Today Summerville is Dorchester County's largest city with an estimated population of more than 43,000. Named one of the 50 best small towns in America by Kiplinger's Personal Financial magazine, Summerville offers residents the best of both worlds in terms of quality of life and housing. Known for its stately Victorian homes, the city also offers the full spectrum of new construction options attracting families, business and military personnel to the area.
Dubbed "Flower Town in The Pines," Summerville still gets high marks for natural attributes. The Flowertown Festival draws more than 200,000 people every spring for a weekend dedicated to artisans and crafts amid the profusion of blooms in Azalea Park. This event is consistently ranked one of the Top 20 events in the Southest by the Southeast Tourism Society.
Azalea Park, a 12-acre oasis of ponds, paths, fountains and tennis courts, has also been the site for one of South Carolina's premiere outdoor arts events, Sculpture in the South. This exhibit and sale of original sculpture typically features more than 30 artists from across the country representing a range of sculpture from Western to whimsical. During the event, patrons also can explore 22 permanent sculptures displayed in public places in Summerville.
Summerville residents can take to the trails at nearby Givhans Ferry State Park, on the former site of an 18th century ferry that once crossed the Edisto River. The park features camping, cabins, fishing, picnic areas and river access.
At Francis Beidler Forest in Four Holes Swamp, shaded boardwalks wind through ancient groves of towering cypress and Pleistocene swamps. The forest - a National Natural Landmark - is protected and manged by the National Audubon Society and is the largest remaining virgin stand of bald-cypress in the world.
A popular destination for visitors, Summerville has nine hotels and it also has seven bed and breakfasts, including the Linwood Bed & Breakfast, built in 1883 by Julia Drayton Hastie, heiress to Magnolia Plantation. The Victorian mansion is surrounded by nearly two acres of award-winning landscaped gardens. The mansion itself is appointed with heart of pine floors, high ceilings, chandeliers, Victorian bays and triple-sash windows, many with original glass.
Summerville has plenty of fine and fun dining options. Across the board, restaurants use style and originality to create menus that appeal to an array of tastes. Summerville's easteries include both chain and independently owned restaurants. Downtown, you'll find an area called Short Central, a cobblestoned, pedestrian-only streetscape with shops and cafes just a block from Town Hall.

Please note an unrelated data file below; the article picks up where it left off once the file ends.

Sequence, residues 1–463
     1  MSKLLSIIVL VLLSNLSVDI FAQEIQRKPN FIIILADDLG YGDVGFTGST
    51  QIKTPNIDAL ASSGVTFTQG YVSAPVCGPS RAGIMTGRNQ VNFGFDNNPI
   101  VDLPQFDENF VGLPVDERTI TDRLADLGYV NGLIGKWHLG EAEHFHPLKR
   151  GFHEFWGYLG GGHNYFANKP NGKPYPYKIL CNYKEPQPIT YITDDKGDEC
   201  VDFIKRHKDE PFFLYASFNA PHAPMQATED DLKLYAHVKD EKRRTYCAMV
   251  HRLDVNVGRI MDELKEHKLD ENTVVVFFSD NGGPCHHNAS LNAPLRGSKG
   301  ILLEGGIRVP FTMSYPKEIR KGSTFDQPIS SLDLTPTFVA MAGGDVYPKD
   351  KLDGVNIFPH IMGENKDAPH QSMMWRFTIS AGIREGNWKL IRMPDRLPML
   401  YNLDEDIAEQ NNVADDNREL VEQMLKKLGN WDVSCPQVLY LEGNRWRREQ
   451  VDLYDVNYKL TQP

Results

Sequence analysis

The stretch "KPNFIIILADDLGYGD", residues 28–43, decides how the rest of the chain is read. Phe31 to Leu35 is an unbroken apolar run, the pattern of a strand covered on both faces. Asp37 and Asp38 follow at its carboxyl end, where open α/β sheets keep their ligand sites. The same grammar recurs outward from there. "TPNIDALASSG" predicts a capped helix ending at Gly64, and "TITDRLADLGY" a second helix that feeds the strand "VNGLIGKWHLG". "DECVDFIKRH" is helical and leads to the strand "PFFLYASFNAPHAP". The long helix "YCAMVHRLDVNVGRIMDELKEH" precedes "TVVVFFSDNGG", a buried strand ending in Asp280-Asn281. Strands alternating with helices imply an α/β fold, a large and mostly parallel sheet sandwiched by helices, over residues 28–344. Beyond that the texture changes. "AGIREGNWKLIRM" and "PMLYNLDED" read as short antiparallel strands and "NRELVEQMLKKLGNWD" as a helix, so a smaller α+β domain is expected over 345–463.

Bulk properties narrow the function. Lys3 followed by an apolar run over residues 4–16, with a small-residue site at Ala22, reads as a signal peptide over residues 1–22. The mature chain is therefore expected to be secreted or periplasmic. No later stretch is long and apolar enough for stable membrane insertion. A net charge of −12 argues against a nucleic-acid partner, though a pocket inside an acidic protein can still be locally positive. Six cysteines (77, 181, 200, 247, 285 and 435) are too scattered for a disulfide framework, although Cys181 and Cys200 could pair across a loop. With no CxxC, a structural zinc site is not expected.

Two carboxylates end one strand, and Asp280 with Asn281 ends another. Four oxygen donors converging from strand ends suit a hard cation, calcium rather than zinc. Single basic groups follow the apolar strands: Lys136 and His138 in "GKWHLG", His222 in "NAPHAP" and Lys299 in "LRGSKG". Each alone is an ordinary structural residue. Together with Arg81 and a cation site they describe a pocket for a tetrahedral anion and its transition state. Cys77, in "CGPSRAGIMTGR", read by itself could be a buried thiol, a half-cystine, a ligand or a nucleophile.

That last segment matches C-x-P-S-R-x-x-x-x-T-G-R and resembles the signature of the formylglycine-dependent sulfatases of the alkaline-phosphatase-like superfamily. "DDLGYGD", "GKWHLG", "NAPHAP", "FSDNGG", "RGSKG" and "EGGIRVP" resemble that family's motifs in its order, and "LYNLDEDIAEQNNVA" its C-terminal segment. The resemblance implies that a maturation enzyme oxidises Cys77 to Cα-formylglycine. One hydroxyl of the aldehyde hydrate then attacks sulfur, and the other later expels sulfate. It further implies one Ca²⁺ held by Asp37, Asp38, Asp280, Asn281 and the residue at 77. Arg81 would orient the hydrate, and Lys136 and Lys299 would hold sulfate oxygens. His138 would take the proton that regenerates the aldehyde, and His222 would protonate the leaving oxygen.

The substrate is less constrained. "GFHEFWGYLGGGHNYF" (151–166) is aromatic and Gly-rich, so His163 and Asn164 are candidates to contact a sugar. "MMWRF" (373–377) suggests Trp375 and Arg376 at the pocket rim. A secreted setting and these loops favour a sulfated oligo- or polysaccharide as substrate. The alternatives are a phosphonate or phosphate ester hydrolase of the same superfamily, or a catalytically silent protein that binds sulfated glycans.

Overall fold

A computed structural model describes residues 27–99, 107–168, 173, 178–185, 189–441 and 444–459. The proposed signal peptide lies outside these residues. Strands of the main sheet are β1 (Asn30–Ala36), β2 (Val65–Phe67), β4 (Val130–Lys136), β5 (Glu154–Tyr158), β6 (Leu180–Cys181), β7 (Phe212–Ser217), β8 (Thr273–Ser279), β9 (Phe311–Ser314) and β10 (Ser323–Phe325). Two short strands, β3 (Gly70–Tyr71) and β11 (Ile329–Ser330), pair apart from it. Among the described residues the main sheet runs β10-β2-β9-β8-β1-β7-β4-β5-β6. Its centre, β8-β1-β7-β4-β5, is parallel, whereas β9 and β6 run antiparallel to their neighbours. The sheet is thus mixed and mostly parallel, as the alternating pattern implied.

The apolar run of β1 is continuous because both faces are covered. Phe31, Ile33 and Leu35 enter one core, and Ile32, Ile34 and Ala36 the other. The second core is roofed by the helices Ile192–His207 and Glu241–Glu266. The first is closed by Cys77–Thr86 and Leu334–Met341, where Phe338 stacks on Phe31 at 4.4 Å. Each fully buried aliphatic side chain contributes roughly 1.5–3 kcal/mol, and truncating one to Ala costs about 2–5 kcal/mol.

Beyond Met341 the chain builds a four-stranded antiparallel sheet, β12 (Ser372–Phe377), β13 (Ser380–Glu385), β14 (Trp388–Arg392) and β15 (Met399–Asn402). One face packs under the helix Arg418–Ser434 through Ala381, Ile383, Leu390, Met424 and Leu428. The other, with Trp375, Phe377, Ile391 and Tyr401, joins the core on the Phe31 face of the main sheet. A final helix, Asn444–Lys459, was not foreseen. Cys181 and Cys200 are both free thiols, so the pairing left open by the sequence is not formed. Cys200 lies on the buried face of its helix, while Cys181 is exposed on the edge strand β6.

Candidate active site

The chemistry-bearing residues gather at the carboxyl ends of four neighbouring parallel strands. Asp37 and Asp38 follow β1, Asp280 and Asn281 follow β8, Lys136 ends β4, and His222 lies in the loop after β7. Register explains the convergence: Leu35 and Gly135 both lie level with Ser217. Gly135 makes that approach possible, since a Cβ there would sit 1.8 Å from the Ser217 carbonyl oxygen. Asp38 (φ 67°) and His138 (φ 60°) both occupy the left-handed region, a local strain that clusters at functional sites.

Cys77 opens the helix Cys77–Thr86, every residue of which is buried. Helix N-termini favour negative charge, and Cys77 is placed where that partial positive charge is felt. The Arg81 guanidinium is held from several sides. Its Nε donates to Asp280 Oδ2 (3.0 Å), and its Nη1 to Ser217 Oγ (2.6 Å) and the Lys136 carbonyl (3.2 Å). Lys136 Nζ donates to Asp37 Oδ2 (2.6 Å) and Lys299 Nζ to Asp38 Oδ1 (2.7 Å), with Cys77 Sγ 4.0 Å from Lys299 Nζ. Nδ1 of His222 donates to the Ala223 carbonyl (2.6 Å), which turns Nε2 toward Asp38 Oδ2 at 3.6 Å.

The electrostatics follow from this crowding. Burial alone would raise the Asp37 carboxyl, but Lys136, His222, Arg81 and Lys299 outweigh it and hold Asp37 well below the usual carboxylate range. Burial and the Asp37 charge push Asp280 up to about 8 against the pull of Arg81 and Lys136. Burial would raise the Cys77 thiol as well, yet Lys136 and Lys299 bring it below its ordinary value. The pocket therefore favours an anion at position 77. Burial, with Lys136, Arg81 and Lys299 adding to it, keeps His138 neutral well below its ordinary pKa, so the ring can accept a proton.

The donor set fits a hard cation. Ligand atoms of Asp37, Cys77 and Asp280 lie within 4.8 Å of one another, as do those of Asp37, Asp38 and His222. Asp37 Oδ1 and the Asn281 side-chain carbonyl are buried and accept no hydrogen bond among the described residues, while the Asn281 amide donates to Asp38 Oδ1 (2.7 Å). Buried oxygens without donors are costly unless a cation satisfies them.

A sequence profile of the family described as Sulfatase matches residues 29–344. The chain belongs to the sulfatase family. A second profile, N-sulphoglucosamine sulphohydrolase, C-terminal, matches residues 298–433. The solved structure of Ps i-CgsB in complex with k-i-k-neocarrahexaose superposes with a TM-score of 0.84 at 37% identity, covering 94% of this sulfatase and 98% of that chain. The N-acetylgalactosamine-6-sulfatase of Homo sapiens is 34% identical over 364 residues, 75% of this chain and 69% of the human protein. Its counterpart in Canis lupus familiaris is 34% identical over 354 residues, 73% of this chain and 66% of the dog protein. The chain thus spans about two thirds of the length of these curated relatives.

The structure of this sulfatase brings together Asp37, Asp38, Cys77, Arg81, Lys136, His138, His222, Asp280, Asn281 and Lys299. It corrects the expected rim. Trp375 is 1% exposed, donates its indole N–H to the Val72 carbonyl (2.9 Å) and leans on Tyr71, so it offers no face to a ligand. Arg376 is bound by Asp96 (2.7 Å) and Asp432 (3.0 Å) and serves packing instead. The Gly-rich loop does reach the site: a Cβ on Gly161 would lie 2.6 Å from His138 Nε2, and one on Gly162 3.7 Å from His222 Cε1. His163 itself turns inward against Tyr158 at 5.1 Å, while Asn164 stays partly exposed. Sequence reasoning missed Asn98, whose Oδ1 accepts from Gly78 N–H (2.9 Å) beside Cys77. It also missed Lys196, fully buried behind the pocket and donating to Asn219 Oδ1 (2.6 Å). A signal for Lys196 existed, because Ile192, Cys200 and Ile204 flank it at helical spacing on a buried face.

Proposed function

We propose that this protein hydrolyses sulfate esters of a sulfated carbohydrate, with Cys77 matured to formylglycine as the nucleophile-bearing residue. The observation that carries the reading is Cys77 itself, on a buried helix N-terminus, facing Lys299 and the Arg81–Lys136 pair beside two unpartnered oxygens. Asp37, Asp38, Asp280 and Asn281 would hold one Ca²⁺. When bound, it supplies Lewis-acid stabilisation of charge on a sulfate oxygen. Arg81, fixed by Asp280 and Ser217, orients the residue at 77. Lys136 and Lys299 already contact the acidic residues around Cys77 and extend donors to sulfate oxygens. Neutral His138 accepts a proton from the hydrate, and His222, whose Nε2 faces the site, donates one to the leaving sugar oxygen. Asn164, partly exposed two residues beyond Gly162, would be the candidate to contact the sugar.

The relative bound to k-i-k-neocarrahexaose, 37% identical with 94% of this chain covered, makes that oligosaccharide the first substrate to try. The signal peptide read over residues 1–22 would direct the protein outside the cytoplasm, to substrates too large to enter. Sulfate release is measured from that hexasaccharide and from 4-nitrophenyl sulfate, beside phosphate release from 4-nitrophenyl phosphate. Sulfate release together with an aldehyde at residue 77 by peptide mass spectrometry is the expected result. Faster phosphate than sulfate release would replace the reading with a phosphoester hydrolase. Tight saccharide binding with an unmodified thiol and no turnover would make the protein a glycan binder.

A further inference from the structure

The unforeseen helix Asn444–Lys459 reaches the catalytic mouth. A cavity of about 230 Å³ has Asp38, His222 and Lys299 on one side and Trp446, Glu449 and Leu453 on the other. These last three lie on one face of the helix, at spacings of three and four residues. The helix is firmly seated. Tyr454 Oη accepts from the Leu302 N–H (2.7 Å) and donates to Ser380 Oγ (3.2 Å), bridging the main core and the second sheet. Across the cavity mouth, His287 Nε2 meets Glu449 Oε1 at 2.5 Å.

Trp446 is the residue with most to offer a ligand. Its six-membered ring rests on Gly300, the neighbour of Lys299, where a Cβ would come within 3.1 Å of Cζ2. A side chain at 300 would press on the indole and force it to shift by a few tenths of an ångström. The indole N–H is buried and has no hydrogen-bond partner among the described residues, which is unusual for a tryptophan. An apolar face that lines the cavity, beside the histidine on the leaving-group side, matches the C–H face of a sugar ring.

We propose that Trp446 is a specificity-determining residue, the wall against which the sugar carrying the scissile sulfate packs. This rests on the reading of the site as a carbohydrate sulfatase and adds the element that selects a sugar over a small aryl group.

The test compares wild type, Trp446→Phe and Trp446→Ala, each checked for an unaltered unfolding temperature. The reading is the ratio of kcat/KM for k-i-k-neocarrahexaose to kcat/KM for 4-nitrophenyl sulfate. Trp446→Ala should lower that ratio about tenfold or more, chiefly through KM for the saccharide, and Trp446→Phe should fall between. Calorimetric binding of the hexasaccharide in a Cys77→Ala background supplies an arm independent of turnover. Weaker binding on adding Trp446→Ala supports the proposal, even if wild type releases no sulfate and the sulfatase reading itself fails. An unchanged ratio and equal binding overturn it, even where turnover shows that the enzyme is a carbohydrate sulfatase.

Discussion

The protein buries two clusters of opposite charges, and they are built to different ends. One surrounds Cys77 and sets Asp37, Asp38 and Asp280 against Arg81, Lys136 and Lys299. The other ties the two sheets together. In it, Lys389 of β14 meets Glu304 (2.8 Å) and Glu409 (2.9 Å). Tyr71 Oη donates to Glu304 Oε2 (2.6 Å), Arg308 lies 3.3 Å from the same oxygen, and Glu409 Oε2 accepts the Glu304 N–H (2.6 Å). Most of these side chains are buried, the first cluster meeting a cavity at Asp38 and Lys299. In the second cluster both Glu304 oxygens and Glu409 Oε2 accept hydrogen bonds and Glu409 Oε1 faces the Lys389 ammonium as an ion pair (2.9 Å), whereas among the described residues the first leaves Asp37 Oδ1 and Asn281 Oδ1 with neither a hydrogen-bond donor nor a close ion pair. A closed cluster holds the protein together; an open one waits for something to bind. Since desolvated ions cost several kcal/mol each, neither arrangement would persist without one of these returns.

A newcomer to downtown is Coastal Coffee Roasters, a coffeehouse that roasts and grinds coffee fresh onsite. On East Third North Street, Coastal Coffee Roasters uses organic, fair trade, Rainforest Alliance, bird friendly and Swiss water process certifications to create its coffee blends.
For those interested in stocking up on ingredients to create a feast at home, Summerville's farmers market is a popular event. It runs weekly on Saturdays from April to November and is located near town hall. The market features artisanal foods and local produce.
Adding to the towns many things to do and places to go, Summerville officals have created a Sweet Tea Trail, that promises an adventure in Southern hospitality through its history, food and shopping.
The trail tells the story of sweet tea's birth in Summerville. It's said that tea plants landed in Summerville in the late 1700's by way of the Ashley River. Andre Michaux, a French explorer and botanist, imported them along with varieties of camellias, gardenias and azaleas near Charleston at what is now known as Middleton Place Plantation.
In 1888, a wealthy scientific philanthropist acquired 600 acres in Summerville and established the Pinehurst Tea Plantation. The plants were eventually moved to a spot on Wadmalaw Island, which is now known as the Charleston Tea Plantation and is owned by Bigelow. It's currently a functioning tea farm and the only place to produce black tea in the United States.
Local bakeries are getting in on the Sweet Tea Trail, offering patrons sweet tea cupcakes and sweet tea relish and jelly. Several antique and vintage stores are joining in, offering patrons a special opportunity to shop - and enjoy sweet tea - from 1-4 p.m. the second Sunday of each month. Officials are in the process of planning a Sweet Tea Festival to celebrate Southern traditions and, of course sweet tea.
From its Friday night football games to its annual festivals, Summerville is a place where rich history and progress mix seamlessly. Leaders focus on stimulating economic development in and around Summerville while making sure the Flowertown in the Pines does not lose its small town charm.